Thursday, August 23, 2007

Wrestling with the Angel

Here is what I said in church on August 5th.

In 30 plus years of singing in choirs, even when only a small percentage of that time has been in churches, you learn a lot of scripture. One of the things I love most is singing in Latin. I took Latin in high school, and I have always loved it. An appreciation of the Latin Mass is one of very few things that Pope Benedict and I agree on.

I’ve sung numerous masses and lots of other sacred texts. Every one of them has been different, and everyone has been beautiful, and they are often hard. Grappling with the music, really wrestling with it always rewards me with a deeper understanding and appreciation of the words themselves and how they speak to our deepest hopes and fears.

A few years ago, we were singing Stravinsky’s Symphony of Psalms, a piece that is not for the faint- hearted. We were all working really hard on it, getting together outside of rehearsal, listening to recordings, studying at home on the piano. But it was just hard. The harmony is very unusual, so until everyone in the group knows their parts really well, it sounds just as weird when it is right as it does when it is wrong!

One day after we had been hammering on it in rehearsal, I was talking with some of the other singers, and we were sort of commiserating over how hard the piece was, and how discouraged we were, and I heard myself saying, “But, we’re wrestling with the angel!”

I’m not sure the other folks had any idea what I was talking about. But I knew exactly what I meant. We were wrestling with the angel, and when we were done, the angel would bless us. And that is exactly what happened. After all our hard work, we had the wonderful experience of seeing the strange wonderful structure of this music fit together perfectly. We did wrestle the angel, and it did bless us.

Gail read you the heart of Jacob’s story just now, and I’d like to tell you a little more about what was going on.

Jacob has an older twin brother named Esau. There is a prophecy that they will both sire nations, and that the nation of the older brother will be mighty and will be served by the nation of the younger brother. This sounds pretty darn good for Esau, the older brother, and pretty crummy for Jacob. So, Jacob tricks their father into giving him the blessing that should have been his brother’s. When Esau finds out, he is so furious that Jacob fears for his life and has to leave home.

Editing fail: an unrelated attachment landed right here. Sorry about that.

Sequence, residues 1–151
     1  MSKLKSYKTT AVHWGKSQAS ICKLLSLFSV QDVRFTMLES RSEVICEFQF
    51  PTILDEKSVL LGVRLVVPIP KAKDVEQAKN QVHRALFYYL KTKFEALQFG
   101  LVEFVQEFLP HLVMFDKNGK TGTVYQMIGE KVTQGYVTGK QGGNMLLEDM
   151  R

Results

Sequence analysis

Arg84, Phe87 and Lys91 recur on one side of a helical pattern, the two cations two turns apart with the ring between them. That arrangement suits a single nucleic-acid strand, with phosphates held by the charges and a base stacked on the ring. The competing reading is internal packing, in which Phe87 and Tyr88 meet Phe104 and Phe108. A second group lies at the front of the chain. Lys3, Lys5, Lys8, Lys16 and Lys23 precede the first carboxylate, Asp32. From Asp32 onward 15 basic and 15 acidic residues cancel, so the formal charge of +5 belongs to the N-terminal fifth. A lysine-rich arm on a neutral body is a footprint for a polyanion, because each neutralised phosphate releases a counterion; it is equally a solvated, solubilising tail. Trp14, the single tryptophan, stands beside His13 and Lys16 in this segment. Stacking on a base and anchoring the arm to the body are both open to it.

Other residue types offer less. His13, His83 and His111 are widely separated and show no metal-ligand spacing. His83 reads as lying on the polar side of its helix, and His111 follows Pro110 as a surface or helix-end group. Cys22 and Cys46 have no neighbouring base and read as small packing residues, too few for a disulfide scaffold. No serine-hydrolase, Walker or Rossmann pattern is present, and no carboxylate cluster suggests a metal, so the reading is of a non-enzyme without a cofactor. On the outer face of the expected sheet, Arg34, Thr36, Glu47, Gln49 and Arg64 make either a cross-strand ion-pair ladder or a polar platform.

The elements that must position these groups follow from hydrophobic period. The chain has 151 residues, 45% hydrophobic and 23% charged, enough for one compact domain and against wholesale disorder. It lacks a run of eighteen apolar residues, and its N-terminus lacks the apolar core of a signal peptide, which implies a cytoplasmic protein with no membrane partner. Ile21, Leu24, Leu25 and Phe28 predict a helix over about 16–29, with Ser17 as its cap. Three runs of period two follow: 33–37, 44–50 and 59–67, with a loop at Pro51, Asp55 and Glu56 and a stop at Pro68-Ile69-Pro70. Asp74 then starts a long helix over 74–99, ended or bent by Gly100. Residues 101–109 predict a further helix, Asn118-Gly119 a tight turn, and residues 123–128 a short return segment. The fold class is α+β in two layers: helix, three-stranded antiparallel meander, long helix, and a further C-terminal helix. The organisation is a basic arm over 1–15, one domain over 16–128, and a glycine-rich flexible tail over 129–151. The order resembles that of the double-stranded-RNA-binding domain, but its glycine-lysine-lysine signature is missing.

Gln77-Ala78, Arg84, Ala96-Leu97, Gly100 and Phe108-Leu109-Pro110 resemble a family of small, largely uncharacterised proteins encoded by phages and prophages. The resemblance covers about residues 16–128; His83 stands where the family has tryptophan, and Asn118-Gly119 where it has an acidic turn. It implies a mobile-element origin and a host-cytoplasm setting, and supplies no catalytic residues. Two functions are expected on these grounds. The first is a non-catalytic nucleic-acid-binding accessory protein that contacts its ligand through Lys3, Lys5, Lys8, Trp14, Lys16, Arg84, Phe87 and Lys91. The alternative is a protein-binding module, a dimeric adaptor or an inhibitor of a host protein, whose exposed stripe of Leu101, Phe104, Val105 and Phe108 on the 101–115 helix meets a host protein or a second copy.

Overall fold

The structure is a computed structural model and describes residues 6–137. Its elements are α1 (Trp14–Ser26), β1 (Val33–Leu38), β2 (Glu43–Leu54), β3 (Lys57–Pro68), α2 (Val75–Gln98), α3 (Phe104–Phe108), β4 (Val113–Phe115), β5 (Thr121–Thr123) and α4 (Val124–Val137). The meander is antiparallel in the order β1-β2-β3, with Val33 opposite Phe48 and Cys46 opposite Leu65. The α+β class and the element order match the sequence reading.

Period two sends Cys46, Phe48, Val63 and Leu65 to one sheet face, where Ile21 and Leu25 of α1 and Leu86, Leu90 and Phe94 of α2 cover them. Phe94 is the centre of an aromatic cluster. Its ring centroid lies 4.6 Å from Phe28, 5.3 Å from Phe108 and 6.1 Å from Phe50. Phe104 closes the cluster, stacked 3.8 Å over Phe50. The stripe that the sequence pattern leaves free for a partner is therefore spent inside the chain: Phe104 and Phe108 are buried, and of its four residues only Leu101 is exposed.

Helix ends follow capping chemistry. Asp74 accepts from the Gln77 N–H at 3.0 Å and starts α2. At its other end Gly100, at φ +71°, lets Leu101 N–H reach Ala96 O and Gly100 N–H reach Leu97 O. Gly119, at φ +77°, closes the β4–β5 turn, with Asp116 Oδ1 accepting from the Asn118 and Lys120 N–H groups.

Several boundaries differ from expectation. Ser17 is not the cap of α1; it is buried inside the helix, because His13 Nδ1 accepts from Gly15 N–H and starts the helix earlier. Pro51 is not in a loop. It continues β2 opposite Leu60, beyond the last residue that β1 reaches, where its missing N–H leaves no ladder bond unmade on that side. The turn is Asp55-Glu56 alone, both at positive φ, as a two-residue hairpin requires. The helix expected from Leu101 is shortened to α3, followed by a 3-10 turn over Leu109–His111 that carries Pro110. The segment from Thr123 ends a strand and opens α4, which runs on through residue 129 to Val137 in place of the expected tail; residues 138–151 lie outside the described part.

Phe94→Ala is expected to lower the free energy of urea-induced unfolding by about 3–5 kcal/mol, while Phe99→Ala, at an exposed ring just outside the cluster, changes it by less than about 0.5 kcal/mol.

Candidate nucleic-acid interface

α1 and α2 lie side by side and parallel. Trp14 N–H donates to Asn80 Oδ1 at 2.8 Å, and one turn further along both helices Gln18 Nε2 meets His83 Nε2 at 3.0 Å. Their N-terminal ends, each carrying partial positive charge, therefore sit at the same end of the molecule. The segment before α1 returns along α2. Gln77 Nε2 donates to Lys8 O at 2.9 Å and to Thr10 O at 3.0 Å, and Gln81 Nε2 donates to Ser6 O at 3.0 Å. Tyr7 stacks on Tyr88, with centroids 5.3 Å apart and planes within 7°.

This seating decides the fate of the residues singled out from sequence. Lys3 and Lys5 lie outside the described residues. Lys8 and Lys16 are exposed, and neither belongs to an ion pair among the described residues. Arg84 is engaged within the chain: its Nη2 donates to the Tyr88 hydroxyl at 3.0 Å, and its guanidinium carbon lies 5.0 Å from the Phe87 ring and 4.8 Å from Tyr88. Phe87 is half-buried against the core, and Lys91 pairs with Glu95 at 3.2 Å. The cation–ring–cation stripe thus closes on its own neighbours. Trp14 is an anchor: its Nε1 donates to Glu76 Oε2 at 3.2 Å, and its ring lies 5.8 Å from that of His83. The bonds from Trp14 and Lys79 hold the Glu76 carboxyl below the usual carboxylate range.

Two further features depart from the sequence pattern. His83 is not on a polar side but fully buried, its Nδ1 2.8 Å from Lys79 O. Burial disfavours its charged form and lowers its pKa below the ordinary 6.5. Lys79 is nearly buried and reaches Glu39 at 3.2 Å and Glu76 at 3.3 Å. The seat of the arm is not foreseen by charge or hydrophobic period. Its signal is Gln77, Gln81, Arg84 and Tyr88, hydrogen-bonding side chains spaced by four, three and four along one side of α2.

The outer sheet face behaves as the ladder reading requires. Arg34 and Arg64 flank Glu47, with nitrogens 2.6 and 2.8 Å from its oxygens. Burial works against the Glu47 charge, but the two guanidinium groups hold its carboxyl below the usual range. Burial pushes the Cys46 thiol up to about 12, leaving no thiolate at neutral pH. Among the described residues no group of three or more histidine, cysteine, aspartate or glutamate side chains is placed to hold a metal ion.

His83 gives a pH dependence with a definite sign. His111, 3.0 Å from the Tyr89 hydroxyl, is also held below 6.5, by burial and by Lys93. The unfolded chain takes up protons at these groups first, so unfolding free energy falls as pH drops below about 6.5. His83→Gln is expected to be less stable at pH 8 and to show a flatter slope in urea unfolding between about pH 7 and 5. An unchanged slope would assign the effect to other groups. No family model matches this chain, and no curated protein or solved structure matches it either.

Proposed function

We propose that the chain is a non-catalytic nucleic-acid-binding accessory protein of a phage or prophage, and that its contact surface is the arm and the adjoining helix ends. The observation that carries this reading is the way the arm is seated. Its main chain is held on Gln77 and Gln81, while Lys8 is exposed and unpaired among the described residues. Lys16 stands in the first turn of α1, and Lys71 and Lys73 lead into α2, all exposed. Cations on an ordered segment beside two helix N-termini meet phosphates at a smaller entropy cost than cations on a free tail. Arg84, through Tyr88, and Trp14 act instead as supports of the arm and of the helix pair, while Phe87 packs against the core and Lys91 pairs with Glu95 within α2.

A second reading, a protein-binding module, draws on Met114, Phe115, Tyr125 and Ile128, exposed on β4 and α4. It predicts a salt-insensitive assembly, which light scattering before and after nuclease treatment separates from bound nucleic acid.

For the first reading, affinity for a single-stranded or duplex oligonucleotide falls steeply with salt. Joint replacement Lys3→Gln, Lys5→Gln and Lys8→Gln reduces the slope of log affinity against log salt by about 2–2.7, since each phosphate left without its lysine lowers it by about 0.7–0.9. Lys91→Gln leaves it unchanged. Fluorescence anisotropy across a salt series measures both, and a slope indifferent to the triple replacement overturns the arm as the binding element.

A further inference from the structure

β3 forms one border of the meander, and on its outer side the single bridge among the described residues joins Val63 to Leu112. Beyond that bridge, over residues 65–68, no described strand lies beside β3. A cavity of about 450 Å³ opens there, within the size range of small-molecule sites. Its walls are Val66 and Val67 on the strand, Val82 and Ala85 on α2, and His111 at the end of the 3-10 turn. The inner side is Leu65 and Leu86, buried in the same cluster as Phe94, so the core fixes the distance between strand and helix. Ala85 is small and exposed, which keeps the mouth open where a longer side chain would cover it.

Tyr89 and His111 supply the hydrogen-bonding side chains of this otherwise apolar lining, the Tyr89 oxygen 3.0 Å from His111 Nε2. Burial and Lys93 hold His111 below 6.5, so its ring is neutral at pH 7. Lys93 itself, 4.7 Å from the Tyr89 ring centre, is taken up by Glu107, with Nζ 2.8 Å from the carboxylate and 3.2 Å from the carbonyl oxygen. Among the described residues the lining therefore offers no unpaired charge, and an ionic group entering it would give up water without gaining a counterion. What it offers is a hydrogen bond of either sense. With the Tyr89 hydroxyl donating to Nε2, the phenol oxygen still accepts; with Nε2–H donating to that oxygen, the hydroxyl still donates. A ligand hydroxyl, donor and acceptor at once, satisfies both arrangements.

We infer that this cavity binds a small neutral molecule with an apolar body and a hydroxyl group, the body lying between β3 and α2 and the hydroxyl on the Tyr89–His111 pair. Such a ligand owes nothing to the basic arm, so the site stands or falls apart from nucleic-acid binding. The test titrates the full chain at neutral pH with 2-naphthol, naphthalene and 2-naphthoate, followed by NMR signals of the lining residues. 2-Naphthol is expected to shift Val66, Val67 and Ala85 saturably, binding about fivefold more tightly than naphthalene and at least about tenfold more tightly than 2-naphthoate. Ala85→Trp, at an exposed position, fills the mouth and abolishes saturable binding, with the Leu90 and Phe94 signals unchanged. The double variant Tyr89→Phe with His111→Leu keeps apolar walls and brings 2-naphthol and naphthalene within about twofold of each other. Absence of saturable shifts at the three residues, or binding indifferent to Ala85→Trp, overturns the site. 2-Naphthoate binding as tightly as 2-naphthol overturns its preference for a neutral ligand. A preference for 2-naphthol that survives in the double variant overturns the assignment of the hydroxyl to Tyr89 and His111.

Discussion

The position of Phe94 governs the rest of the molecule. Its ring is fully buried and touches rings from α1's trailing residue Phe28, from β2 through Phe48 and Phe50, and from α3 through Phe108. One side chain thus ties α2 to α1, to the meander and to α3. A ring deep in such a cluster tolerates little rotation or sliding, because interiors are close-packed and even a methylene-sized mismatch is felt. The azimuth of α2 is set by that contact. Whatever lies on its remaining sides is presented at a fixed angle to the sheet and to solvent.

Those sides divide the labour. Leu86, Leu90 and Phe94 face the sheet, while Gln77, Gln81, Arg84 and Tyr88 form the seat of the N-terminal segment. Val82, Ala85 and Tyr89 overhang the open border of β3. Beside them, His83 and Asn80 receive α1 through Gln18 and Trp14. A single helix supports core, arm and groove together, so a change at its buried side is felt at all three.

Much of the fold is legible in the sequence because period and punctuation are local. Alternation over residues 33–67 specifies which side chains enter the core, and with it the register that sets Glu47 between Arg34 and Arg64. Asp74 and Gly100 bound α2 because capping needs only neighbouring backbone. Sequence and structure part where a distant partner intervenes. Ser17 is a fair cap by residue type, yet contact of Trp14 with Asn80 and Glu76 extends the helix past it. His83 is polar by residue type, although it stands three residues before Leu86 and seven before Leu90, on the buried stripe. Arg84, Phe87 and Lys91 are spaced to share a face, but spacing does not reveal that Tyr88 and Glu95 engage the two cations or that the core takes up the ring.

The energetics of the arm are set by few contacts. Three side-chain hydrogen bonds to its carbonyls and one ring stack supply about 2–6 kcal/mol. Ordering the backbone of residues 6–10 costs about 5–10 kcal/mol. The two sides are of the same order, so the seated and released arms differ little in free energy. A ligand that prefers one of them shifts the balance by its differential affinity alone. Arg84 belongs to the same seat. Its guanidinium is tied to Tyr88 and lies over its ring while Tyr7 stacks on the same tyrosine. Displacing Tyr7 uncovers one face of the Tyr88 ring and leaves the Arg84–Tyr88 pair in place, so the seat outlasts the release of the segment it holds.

Jacob is gone for twenty years, and he is finally coming home with his family and all his possessions. But he is afraid that Esau may still want to kill him and his family. As he gets nearer, he finds out that Esau is headed his way, and he has 400 men with him.

Jacob is terrified. He sends his family and servants on ahead, and he waits behind and prays.

This is probably the most frightening night of Jacob’s life. He is all alone. Esau may kill him tomorrow. Esau may kill his entire family. He may lose everything he has the next day.

That night, in the darkness, out of nowhere, a man attacks Jacob. The man jumps him and they wrestle all night long. As the morning approaches, the man realizes that he cannot overpower Jacob, and he wrenches Jacob’s hip at the socket. But Jacob still won’t let go; he keeps wrestling. His attacker gets desperate and says, “Let me go, for it is daybreak.” By now, Jacob has realized that this is not an ordinary man, but an angel, and he answers him, “I will not let you go unless you bless me.”